This year’s Christmas Bird Count was held on Sunday, Dec. 15. All in all, it was just about an average count with totals of 4,690 individual birds observed and counts of 45 different species. There were no rare or unusual birds observed and no major decline or increase in any species.
There were a few birds of special interest: Mountain chickadees were in good number, 398, and pygmy nuthatches totaled 770. The local count has usually led the nation in the numbers of these two birds seen on any one count. This is not because they are increasing in numbers here but due to the fact that they are obligate ponderosa pine birds and our count is largely in the ponderosa pine forest. This is their home, and we would be negligent if they were not reported in high numbers.
Other birds seen in significant numbers were:
• 17 wild turkeys (not at a feeder)
• 20 red-tailed hawks
• 30 rock pigeons
• 30 hairy woodpeckers
• 11 downy woodpeckers
• 312 Steller’s jays
• 271 black-billed magpies
• 75 Townsend’s solitaires
• 12 American robins
• 59 European starlings
• 11 red crossbills
• 66 pine siskins
• 48 red-winged blackbirds
• 1, 213 American crows
• 82 ravens
• 76 black-capped chickadees
• 501 dark-eyed juncos
• 200 house finches
The day was warm for December, sunny and clear in the mornings with a hazy cloud cover in the afternoon. Snow cover ranged from none in lower, sunny areas to a few inches in shady and north slopes to more in higher elevations. All in all, it was not a bad day for this time of year.
However, there were high winds all day, which made the count lower than usual. Birds do not like wind and usually hide wherever they can find a place out of the wind. It is not just that they don’t like their feathers all blown into a mess, but it is also for their safety.
They know they are less likely to hear a predator when the wind is noisy, so they try their best to hide where they have a better chance to hear a predator.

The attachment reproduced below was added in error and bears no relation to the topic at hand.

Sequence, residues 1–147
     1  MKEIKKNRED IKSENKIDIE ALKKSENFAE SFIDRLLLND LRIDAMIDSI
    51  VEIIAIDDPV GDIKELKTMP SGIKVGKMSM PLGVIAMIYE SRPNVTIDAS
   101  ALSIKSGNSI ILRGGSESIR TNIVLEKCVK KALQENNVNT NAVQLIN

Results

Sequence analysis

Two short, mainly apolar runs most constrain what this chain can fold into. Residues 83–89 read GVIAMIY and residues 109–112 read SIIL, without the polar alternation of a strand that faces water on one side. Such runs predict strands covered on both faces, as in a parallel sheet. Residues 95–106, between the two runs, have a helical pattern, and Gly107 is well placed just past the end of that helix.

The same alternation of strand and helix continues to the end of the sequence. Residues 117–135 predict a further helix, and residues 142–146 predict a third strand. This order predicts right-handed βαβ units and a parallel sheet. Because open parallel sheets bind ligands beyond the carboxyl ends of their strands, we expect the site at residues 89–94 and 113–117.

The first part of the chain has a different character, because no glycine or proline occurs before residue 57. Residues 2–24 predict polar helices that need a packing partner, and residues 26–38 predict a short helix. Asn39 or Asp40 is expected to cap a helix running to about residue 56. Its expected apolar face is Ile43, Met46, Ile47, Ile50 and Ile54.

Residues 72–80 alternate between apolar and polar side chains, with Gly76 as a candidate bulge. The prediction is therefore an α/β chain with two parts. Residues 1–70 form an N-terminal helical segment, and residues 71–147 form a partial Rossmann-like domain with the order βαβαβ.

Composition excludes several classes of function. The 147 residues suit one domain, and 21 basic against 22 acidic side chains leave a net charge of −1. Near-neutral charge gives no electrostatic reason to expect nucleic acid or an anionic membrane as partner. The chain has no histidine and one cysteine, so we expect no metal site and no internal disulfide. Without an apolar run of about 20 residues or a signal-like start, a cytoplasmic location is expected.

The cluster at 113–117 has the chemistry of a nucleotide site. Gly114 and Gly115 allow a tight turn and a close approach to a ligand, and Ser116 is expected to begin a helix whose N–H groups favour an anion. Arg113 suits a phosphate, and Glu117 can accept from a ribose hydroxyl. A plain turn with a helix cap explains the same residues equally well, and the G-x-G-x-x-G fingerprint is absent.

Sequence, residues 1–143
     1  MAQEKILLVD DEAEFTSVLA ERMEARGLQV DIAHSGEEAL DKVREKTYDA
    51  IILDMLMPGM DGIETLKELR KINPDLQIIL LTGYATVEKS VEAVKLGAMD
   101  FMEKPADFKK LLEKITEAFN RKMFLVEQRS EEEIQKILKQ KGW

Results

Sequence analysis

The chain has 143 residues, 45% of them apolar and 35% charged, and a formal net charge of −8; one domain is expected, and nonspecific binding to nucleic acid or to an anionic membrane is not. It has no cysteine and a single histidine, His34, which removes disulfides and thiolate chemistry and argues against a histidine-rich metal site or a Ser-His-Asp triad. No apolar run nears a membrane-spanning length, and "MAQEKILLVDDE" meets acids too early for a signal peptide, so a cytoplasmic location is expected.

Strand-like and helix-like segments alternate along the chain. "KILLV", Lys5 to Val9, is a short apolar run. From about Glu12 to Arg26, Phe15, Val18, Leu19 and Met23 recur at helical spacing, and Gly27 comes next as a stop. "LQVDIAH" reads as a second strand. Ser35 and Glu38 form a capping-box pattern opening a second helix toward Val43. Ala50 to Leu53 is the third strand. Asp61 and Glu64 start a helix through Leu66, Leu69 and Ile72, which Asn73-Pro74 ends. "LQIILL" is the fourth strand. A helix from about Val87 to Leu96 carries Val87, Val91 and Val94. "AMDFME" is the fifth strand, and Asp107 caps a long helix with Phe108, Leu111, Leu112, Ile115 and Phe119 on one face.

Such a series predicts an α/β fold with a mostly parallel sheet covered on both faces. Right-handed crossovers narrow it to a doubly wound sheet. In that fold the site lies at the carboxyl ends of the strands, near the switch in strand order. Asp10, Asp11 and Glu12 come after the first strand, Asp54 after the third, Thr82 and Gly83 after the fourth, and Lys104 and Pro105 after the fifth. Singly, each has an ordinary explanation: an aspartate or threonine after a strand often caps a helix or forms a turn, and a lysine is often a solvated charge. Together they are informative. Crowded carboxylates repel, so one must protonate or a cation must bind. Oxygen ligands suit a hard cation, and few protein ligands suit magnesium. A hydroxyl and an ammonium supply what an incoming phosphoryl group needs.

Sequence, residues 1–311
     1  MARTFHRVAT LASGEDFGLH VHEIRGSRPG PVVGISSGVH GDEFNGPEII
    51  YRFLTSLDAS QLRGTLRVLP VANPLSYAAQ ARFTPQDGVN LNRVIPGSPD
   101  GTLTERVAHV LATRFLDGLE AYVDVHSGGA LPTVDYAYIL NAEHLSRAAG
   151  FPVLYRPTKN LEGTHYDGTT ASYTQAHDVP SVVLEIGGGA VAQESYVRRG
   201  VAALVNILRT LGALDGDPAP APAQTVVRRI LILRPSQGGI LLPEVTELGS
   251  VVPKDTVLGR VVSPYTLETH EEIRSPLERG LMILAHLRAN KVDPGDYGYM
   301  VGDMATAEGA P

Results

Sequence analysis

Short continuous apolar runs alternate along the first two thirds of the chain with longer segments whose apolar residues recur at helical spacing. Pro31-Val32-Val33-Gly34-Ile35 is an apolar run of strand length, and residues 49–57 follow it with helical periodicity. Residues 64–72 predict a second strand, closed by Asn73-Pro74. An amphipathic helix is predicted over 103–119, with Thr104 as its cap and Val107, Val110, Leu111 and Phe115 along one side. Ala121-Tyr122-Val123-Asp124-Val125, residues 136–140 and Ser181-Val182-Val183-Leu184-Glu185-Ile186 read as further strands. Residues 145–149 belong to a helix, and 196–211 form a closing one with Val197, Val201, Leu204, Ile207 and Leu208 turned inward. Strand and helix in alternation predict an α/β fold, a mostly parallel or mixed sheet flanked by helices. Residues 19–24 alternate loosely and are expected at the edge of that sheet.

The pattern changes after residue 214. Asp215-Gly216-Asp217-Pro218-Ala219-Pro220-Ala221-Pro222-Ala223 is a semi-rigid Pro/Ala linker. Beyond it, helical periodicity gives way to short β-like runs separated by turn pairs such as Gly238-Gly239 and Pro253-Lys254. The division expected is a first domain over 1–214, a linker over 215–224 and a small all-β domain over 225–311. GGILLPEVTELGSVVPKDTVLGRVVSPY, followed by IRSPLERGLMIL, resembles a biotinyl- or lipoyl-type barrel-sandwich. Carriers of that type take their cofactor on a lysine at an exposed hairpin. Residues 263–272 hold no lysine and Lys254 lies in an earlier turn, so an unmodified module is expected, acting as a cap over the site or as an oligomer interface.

Saturday, Dec. 21, is the first day of winter, so I expect we will now settle into a month or two of really cold weather.
Christmas is almost here, and I would like to remind you to turn your Christmas tree into a birds’ Christmas tree. If you have a real tree, use it, even if the needles are beginning to fall. Or if you have a small living tree in your yard, you can decorate it where it stands.
Put your tree outside and decorate it with things birds like to eat. Garlands of peanuts, fruit, popcorn, etc., will make it very attractive, and cups made from half orange or grapefruit peels will give it color and hold any variety of small seeds. They need to be strung with a cord hanger, attached to the peel in three equi-distant points around the rim and brought together at the top. They also can be filled with bird pudding, and since people keep asking me for the recipe, here it is:
4 parts cornmeal
1 part flour
2 parts melted suet
2 parts sugar
Cut the suet in small pieces and heat until it is melted. Then measure the liquid fat. Add all the other ingredients. Pack it in plastic containers that will fit the suet feeder. Freeze until needed. Then shuck it out of the container and put it out for your friends.
One word of caution: This is a very rich diet, intended to feed birds in very cold weather. Even though they might enjoy it, do not feed it to your birds all year because it is too rich for them.
When frozen solid, it is too hard for the little birds to eat, so on very cold mornings, I scrape a block of this hard food with the tines of a fork until I have a pile of crumbs, which look like cornmeal. These crumbs can be eaten by the tiny birds, and a squirrel cannot run off with the whole thing.
And with this, I wish you a Merry Christmas and Happy New Year, and enjoy the birds.
Christmas Bird Count
Don’t forget about the children’s Christmas Bird Count from 10 a.m. to 2 p.m. this Saturday starting at Kittredge Park. Each child must be accompanied by an adult. For more information, contact Joann Hackos at 303-670-8517 or at firstname.lastname@example.org.